Let me just say right up front: I love ventriloquists, but the old-school dummies are terrifying. It’s that uncanny valley thing. That said, Sid? Not terrifying. He just looks kinda silly.
All right, I admit it. I just don’t like this episode very much. It’s literally never referenced again, ever, unlike “Teacher’s Pet,” it serves no real purpose as far as introducing new characters to us–Principal Snyder doesn’t even have to be in this episode, I think they just felt like it was weird to have Sunnydale High in this limbo of “do they or don’t they have a new principal yet?” so they shoehorned him in. Literally all of his scenes could either be cut or done without him and the show would still make sense. And even if they did want to make sure we knew Sunnydale wasn’t administrationless, they could have just name dropped Principal Snyder as the reason Giles is stuck doing the talent show and waited until it actually fit the narrative to bring him in.
Don’t get me wrong though, Principal Snyder has some of my favorite lines in this episode. I particularly love the bit about the three things he won’t stand for–students loitering after school, gruesome murders where people’s hearts get torn out, and smoking–and the moment when he tells Giles he hates kids. But as fun as his character is, particularly in this very first iteration before he becomes frustrating and annoying (as I recall him being in seasons two and three), this episode still just feels unnecessary.
Part of that annoying, “why am I watching this?” feeling comes from the fact that the plot for this episode is kind of all over the place. There’s a lot of unnecessary misdirection about who or what the villain is–is it Morgan? Is it Sid? Is it someone else?–and the writing never really settles on anyone, so the surprise reveal of it being Marc the Magician just feels like, “Oh, okay, I guess that makes sense?” instead of having it be an actual reveal. If the writers had settled into a more solid “It’s Morgan because he’s crazy/Sid because he’s a possessed dummy/someone else” vein (i. e.: if they had chosen one of these), I think it would have played a lot better overall, but instead it just feels like a series of scenes that had to be strung together somehow.
There’s also a couple giant leaps in logic. Like, I don’t know about you, but I find out the creepy ventriloquist’s dummy is alive, my suspicion falls on him no matter what he says about being a former demon hunter. And also, who buys the reasoning that since the demon has what it wants it’s not going to show up to the talent show? That’s literally the best way to throw off suspicion, to show up and perform. So I have no idea why Giles and Co. decide the missing student is the guilty one, when it would have been a better idea to, oh, you know, look at the different acts and make something up about anyone using knives or blades is not allowed to perform due to the incident with Emily? See who gets angriest?
This whole episode was just dumb, straight on down the line. I admit, we get a few fun beats, like with Principal Snyder, or Giles freaking Cordelia out about her hair, but the rest of the episode is just not worth it. Sid’s not even a particularly creepy dummy. The uncanny valley element isn’t there because he’s designed to be likable later, so his features get softened a lot, and he’s also not made of wood (at least he doesn’t look like wood to me) so a lot of the creepy, carved look that makes actual ventriloquist dummies scary-looking and uncanny is just not present in Sid’s (probably vinyl) face. And no one believes that Giles would willingly strap himself to a guillotine, do they? I just don’t buy that at all. Giles is not an idiot, which we’ve totally established up to this point–he figures out the zookeeper is trying to be trans-possessed, researches all kinds of stuff, is a trained Watcher . . . he’s not dumb, is what I’m saying, and only someone really stupid would get on that table while a brain-seeking demon was still on the loose.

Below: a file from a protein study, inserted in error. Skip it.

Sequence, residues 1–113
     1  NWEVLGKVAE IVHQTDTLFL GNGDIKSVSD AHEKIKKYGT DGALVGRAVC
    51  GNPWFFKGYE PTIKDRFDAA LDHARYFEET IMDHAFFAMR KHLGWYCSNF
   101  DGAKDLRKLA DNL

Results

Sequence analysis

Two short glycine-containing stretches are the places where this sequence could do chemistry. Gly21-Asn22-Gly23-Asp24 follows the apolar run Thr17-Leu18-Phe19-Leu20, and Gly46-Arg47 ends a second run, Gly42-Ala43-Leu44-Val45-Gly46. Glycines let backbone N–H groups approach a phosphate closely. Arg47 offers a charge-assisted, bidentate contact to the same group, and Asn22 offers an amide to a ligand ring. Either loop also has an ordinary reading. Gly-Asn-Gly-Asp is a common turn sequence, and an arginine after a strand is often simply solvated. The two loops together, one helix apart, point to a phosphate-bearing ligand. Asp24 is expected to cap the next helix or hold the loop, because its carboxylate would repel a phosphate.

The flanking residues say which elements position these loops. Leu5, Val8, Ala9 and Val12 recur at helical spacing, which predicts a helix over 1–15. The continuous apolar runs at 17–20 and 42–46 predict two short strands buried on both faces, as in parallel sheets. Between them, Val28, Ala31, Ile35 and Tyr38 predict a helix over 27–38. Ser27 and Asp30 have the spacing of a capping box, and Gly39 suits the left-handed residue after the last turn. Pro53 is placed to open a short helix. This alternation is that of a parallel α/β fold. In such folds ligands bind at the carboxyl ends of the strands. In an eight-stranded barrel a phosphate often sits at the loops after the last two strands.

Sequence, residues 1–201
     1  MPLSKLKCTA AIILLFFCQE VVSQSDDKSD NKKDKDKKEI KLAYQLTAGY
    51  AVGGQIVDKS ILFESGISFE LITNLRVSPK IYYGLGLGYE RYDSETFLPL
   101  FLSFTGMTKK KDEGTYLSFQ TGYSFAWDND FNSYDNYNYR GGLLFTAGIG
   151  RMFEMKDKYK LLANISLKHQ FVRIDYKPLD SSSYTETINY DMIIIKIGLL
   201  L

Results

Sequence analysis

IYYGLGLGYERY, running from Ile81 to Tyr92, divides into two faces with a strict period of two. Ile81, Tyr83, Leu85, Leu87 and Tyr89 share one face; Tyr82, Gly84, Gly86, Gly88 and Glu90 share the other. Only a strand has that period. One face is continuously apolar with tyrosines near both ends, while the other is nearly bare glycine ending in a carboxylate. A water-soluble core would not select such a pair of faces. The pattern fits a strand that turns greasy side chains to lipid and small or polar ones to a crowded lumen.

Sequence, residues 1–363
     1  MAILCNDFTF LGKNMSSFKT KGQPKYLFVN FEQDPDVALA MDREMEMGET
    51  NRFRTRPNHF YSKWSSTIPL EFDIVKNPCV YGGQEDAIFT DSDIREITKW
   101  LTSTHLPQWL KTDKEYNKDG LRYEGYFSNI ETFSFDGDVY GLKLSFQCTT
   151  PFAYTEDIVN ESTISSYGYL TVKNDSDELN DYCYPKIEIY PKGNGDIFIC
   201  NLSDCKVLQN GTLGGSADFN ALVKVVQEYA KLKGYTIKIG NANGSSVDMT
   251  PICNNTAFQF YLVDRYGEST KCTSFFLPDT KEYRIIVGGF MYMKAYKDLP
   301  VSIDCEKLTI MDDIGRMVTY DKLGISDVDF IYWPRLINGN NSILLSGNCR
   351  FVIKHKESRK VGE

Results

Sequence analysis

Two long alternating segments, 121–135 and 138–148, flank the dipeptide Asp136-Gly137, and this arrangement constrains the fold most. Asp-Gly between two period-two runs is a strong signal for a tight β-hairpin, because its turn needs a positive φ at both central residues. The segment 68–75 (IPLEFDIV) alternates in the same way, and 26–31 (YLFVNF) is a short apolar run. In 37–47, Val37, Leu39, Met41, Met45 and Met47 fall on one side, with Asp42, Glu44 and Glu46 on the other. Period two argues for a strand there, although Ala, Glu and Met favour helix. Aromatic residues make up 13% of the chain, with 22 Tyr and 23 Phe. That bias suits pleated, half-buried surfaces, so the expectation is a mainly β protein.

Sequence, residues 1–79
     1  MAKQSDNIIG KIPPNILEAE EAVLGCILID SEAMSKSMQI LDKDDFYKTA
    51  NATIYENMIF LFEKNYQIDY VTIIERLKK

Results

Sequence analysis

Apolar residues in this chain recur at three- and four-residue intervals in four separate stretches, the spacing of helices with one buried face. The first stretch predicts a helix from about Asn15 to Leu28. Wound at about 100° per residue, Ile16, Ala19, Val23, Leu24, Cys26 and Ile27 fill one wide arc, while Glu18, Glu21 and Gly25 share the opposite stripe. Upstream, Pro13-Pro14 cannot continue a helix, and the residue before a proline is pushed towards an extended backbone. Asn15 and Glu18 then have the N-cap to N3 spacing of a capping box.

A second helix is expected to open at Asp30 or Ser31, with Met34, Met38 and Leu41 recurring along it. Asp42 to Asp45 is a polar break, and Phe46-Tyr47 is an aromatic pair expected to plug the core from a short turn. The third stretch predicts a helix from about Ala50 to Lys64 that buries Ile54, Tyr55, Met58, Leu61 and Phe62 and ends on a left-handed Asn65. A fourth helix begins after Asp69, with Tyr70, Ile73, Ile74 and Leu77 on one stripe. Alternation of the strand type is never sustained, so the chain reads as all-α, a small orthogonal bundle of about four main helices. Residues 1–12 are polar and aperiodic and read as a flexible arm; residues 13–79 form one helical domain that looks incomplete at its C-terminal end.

For me, the annoying suck of this episode just isn’t countered heavily enough by anything else. Not even the Scooby-Gang attempting to act out a scene from Oedipus Rex during the end credits redeems this for me, although Buffy’s Jocasta headdress is killer.
I think, too, that the reason this episode seems so weak is because (as The Passion of the Nerd points out–and thanks to him as well for helping me put my finger on a lot of what I don’t like about this episode) there are so many elements here that are show hallmarks. Cordelia, Giles, Xander, Willow, Principal Snyder, they all have character moments in this episode that are called back (though not directly referenced) in other episodes. Buffy, while at this point definitely the most well defined of the group, also has some classic banter and slang, and her relationship with Giles and ability to figure things out on her own if she needs to are highlighted here when she correctly guesses that Giles is in danger and that it was Sid who came into her room.
Is the episode a total loss? Maybe not. For me, it’s not one that I feel the need to come back to over and over again, although I don’t feel a need to come back to most first season episodes, the exception being maybe “Angel,” or “Welcome to the Hellmouth/The Harvest,” if I want some really classic early Buffy. However, there are fun elements here, and it’s one of the first episodes to establish the show’s wacky sense of humor. I can’t write it off completely, even though I really don’t like it at all. It’s not one that I’m reluctant to watch, necessarily, but it’s also not one that I’m super excited about. If I was doing an “important episodes only” rewatch, I’d definitely skip it, though, since the only continuing story element in this episode is Principal Snyder.
I guess my point is don’t skip it if this is your first time, or your first time in a long time, but be aware that this episode is dumb.